Future agricultural research, in light of recent findings, will do well to examine the performance of crops and livestock within their ecological contexts. Species improvement should be attempted in the context of interactions with other species rather than in isolation. This is one way in which we can ‘re-biologize’ agriculture, having been guided for the past half century more by the disciplines of chemistry and engineering in league with the science of genetics. The disciplines of microbiology, soil ecology, and epigenetics will, foreseeably, become more prominent within the agricultural sciences, focusing in particular on understanding better how genetic potentials are expressed (epigenetics), appreciating that it is phenotypes and not genotypes that we consume as food.
Some implications for plant breeding
SRI practitioners have found that the greatest yields obtained with their methods have come from what are called high-yielding varieties (HYVs) or hybrids. So, agroecological approaches do not negate the basis for genetic research. The world-record yield reported above was with a hybrid variety with application of some inorganic fertilizer, although there was primary reliance on organic fertilization, that is, on integrated nutrient management . It is also true, however, that many local or indigenous varieties also respond well to SRI management, with some giving yields over 10 tons/ha. (The world average is about 4 tons/ha.) Since the market price for local varieties is often higher because of consumer taste and other preferences, growing ‘unimproved’ cultivars with SRI practices can be more profitable than using HYVs.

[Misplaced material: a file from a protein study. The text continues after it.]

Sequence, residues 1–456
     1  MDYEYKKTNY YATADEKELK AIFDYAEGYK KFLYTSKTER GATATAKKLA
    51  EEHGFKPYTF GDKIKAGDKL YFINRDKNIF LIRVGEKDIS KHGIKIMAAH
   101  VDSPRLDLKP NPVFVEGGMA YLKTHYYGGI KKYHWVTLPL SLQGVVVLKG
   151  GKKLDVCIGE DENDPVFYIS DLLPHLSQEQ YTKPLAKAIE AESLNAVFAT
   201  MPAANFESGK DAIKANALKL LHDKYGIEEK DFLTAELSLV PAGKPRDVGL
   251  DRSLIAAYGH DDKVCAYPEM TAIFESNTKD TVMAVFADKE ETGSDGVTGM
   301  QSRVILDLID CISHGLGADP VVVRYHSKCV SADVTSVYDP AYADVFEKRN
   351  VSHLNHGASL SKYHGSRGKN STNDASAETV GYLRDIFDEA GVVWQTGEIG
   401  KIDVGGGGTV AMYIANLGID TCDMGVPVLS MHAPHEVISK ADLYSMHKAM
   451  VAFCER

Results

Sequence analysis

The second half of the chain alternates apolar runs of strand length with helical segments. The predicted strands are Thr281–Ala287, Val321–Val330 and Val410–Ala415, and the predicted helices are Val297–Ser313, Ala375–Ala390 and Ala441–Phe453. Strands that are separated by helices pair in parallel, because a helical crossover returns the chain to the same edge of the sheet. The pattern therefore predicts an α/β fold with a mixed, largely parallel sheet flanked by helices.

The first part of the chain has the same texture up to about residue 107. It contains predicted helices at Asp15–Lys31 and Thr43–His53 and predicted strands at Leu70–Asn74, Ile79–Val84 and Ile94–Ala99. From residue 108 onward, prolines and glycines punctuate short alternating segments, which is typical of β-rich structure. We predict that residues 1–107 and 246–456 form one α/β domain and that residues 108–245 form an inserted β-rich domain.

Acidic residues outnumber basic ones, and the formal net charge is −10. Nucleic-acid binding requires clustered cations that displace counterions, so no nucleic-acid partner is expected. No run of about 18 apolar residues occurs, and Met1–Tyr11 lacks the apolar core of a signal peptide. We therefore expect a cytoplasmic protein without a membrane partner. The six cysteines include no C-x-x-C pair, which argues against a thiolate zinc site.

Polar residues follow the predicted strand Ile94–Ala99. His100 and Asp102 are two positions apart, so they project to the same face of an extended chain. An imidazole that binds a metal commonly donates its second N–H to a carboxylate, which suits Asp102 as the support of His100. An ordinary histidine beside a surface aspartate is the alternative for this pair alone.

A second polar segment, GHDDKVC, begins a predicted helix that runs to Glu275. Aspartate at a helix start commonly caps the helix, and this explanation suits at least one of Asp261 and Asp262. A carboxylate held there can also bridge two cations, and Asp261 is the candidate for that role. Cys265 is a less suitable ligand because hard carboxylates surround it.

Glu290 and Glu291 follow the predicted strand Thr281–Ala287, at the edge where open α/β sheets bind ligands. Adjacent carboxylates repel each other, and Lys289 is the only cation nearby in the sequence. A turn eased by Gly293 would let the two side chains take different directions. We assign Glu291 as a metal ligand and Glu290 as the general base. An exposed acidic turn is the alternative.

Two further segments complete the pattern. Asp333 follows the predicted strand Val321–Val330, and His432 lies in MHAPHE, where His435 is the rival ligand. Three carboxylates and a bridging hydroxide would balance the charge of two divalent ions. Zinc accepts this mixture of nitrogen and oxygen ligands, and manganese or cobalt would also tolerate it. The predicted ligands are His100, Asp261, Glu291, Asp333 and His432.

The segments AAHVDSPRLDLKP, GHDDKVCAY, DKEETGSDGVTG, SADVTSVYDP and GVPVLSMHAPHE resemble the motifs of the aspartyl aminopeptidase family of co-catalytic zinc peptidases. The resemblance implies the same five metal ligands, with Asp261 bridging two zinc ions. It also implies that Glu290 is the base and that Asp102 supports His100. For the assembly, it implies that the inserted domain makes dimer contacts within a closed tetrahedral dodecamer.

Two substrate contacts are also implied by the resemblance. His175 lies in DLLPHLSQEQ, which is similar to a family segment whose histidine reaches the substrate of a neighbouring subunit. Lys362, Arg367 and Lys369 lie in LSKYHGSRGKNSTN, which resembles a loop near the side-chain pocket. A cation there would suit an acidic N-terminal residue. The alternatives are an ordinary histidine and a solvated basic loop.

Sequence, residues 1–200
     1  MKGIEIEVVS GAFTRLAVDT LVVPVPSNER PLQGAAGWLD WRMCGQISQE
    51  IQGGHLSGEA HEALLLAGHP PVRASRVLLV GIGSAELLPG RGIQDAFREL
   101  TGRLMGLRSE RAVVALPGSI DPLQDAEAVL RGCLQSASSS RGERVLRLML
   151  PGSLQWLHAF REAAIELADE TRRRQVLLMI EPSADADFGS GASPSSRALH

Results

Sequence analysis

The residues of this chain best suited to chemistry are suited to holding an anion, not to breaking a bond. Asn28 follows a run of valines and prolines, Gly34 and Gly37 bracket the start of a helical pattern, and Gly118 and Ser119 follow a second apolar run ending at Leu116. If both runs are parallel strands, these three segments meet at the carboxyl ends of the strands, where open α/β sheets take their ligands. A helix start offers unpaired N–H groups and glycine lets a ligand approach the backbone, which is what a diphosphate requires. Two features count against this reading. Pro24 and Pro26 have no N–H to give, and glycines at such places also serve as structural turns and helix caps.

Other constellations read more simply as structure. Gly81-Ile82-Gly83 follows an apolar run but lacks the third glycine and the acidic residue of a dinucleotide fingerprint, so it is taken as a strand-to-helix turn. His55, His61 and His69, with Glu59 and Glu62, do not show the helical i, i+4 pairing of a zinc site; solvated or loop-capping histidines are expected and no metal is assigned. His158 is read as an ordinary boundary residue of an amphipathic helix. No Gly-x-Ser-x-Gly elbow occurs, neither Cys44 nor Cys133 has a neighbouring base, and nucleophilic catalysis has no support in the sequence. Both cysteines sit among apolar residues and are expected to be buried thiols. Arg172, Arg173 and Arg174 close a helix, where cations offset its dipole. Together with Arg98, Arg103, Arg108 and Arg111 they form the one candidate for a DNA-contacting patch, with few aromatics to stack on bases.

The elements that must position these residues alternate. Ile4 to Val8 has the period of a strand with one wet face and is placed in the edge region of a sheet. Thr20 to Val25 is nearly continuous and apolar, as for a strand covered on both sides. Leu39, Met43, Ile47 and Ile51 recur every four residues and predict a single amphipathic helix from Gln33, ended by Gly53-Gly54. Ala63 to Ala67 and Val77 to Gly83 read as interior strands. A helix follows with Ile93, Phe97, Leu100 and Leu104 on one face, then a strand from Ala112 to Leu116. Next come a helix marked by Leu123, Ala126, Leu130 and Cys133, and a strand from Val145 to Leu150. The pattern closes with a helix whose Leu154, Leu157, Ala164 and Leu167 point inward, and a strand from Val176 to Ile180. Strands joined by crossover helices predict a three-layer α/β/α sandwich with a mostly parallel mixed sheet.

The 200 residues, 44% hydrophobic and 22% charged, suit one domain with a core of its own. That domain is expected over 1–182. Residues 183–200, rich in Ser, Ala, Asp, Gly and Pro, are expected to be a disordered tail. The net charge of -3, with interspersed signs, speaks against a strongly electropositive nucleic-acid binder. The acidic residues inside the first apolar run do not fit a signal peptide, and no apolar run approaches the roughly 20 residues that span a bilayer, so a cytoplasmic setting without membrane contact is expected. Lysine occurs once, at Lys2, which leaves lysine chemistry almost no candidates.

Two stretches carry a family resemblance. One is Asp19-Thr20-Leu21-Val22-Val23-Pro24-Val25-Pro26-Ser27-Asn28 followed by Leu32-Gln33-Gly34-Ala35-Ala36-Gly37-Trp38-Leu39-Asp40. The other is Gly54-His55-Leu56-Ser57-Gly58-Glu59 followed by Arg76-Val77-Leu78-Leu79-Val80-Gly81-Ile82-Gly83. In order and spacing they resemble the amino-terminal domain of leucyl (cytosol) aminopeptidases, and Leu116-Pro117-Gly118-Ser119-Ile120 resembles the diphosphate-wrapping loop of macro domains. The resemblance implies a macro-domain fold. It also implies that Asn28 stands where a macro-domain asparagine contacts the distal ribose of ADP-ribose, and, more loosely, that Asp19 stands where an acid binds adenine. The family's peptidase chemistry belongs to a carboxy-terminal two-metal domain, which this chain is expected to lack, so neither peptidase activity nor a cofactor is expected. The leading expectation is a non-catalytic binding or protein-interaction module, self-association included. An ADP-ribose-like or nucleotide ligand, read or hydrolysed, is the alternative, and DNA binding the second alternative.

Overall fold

The kind of plant breeding that Norman Borlaug and his colleagues undertook has been very successful and deserves our appreciation. But it may not be as suitable a strategy for the emerging conditions that will be faced in the decades ahead. Both breeding and management are essential for success, combining the effects of G and E; that is clear. But since the 1990s there have been diminishing returns from breeding strategies, whereas over the past decade we have been seeing from SRI experience that very great impacts on yield can be achieved by making changes in crop management, as apparently this has beneficial impacts on crops’ relationships with their microbial symbionts [43, 45].
One can find very little in the Green Revolution literature that examines the contributions of roots and soil biota to plants’ health and growth. These are the factors that SRI experience and its extrapolation to other crops are pointing to as very potent. For decades, plant breeders have sought through genetic improvements to raise the Harvest Index (HI), that is, the proportion of plant biomass that is found in the edible portion. But the focus has all been on above-ground plant organs. The biomass in plant roots has not even been considered when calculating HI.
The abundant growth of roots has been largely ignored or even deprecated by plant breeders, much as profuse tillering has been disapproved. The prolific growth of roots and shoots was thought to be wasteful and in competition with - rather than supportive of - grain production. (I have been told, twice, by a senior agronomist in the US that ‘roots are a waste’, because they lower the Harvest Index). However, crops in this current century will need to be more naturally resistant to pest and disease assaults and to be buffered from drought, from rain and wind damage, and from temperature stresses. Root development and more abundant, more diverse soil biota are likely to become more appreciated for their promotion of crop resilience and for their enhancement of productivity in the face of climate-change pressures.
Future research opportunities and modes of operation